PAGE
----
Martin, John Levi. The Explanation of Social Action.

Author:Quest, Linda
Position:Book review

Martin, John Levi. The Explanation of Social Action. New York: Oxford University Press, 2011. xiii + 396 pages. Cloth, $35.00.

Martin takes sociology as his keystone discipline for the social sciences and the question why? as his keystone interrogative. Although Martin speaks as a sociologist, the perspectives and models of explanation that he selects for close analysis have applications in other areas of the social sciences, too. In fact, some theorists Martin chooses are famed as seminal contributors to political science, psychology, and other disciplines in the social sciences. Martin's question why? is problematic. As any teacher or parent knows, why? leads to dizzying why-why-why? regressions and extensions pushed to extremes of vertigo or apathy. The Explanation of Social Action is a clinic in organization, internal connectivity, and coherence, footnoting, referencing, and indexing. The comments in the footnotes are informative and explanatory, and cannot be skipped without missing humorous highlights. Classroom academics might not have time to write this book, but it justifies finding the time to read it and keeping it on the reference shelf for future use. It is ideally suited as an illuminating and enjoyable text for a senior seminar in the respective social sciences or for an interdisciplinary capstone course.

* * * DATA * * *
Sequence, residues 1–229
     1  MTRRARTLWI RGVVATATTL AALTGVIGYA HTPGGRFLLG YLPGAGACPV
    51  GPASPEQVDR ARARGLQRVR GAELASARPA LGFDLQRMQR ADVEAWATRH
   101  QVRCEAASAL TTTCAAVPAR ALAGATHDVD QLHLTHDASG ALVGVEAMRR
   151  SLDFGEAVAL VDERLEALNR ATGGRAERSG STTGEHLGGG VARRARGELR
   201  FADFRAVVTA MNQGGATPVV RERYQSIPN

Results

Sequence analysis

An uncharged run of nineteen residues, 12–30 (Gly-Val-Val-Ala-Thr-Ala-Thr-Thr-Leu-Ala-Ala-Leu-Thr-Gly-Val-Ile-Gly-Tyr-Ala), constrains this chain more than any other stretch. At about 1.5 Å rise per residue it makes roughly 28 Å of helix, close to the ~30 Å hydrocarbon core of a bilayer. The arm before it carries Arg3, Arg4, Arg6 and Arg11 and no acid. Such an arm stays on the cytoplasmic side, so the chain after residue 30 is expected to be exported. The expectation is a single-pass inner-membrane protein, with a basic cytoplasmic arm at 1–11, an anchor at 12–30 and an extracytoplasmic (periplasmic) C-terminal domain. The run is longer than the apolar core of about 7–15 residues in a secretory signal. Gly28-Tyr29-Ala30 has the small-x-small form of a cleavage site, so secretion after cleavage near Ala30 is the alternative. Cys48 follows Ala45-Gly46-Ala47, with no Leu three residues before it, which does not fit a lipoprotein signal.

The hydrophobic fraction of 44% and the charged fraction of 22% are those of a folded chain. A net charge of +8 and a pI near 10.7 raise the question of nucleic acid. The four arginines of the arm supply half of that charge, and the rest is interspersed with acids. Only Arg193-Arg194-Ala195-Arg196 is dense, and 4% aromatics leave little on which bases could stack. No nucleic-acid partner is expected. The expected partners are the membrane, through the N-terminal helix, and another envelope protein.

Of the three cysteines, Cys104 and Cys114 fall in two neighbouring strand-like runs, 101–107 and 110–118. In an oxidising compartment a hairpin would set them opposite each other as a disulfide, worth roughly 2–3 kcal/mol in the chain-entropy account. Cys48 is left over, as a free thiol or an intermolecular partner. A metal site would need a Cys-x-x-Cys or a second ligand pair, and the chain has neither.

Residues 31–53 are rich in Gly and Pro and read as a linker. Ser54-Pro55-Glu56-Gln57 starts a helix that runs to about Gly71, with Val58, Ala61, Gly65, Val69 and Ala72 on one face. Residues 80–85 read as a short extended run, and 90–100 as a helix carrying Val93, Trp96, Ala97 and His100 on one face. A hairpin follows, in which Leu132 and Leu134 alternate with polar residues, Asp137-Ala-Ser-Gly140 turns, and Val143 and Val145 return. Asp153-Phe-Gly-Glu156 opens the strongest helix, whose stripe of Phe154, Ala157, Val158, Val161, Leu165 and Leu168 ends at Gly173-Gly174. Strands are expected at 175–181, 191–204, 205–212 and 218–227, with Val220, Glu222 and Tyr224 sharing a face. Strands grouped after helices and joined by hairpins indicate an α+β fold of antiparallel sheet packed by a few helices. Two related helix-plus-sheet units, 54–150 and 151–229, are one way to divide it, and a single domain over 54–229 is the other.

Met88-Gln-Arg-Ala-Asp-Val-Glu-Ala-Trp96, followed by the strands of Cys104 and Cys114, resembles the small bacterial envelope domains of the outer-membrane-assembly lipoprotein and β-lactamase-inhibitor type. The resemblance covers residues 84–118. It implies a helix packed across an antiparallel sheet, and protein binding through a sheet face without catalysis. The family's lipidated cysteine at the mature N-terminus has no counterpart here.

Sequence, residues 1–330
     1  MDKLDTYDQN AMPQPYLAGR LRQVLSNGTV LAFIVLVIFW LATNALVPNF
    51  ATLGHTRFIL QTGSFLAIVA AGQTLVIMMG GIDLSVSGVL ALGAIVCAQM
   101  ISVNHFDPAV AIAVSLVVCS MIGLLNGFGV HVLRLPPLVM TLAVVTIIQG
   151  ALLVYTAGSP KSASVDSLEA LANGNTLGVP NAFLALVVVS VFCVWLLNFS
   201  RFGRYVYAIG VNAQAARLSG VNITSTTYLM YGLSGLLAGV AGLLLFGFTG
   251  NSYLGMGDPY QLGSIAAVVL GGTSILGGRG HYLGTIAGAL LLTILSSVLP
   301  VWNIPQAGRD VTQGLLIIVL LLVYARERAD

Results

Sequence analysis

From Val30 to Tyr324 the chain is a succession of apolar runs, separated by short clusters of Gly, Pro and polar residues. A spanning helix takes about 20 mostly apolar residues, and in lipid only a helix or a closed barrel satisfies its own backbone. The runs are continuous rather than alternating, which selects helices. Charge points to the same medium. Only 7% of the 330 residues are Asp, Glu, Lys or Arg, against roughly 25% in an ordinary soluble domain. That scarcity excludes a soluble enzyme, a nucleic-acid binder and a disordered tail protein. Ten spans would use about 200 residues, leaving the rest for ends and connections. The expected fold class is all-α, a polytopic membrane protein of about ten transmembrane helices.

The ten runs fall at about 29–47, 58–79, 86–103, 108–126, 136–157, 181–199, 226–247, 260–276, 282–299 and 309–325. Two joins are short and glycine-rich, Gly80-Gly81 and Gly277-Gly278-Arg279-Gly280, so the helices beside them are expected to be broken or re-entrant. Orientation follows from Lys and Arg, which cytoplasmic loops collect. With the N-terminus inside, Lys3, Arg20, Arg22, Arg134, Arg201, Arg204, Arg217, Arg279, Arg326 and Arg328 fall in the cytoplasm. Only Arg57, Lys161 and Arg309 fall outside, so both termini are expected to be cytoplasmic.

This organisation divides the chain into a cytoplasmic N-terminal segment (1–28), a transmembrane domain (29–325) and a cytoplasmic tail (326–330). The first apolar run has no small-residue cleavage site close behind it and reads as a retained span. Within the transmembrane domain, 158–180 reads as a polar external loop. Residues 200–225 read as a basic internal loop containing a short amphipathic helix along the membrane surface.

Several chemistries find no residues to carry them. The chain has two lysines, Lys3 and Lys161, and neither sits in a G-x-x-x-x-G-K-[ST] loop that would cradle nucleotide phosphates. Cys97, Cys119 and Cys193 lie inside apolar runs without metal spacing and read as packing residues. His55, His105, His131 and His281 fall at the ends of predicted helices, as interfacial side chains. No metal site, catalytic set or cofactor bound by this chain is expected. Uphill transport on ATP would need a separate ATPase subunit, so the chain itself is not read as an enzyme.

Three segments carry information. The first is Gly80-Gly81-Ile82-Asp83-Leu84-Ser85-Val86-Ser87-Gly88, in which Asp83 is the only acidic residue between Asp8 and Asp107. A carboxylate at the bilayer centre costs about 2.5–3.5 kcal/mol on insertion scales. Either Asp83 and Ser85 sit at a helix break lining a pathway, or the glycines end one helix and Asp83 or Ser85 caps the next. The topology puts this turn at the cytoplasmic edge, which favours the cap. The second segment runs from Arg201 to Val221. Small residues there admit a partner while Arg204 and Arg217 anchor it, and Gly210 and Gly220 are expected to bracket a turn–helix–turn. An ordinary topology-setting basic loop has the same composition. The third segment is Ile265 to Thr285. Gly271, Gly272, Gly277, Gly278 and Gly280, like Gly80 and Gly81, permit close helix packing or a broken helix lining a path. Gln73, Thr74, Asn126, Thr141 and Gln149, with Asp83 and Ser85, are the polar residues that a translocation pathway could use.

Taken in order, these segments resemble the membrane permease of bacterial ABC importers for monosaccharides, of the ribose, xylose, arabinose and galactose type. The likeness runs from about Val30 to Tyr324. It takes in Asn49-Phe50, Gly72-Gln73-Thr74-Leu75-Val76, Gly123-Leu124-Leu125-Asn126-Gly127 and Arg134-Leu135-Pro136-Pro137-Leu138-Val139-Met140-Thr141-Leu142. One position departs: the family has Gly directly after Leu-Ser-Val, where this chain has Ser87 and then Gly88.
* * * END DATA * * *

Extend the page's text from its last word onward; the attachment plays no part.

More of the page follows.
Martin writes, "Social sciences explain what people do and explain what it means to carry out such explanation" (p. ix), and he proposes to "use theory as a provisional abstraction that by the end of the book has disappeared into science" (p. 5). To do so, he argues, we should shun causal explanations and formulations, and avoid the pretense of conclusive proof. Social action is more complex than that. Provisional tendencies and covariations must suffice--until further research refines or replaces them. Root out circularity and tautology. Those are not for social sciences. Neither is counterfactualism worthy of the social sciences. Such practices, Martin explains, "bring not clarity but ambiguity" (p. 42) and "mislead us regarding where the action is" (p. 47). Avoid seizing models or grids to be imposed upon data or subjects. Instead, use primary sources, including first-person explanations. First-person accounts might have their flaws, but they deserve attention, especially when they are available in large numbers. Third-person explanations, based on theory, are even more flawed. The first person is a participant- observer...

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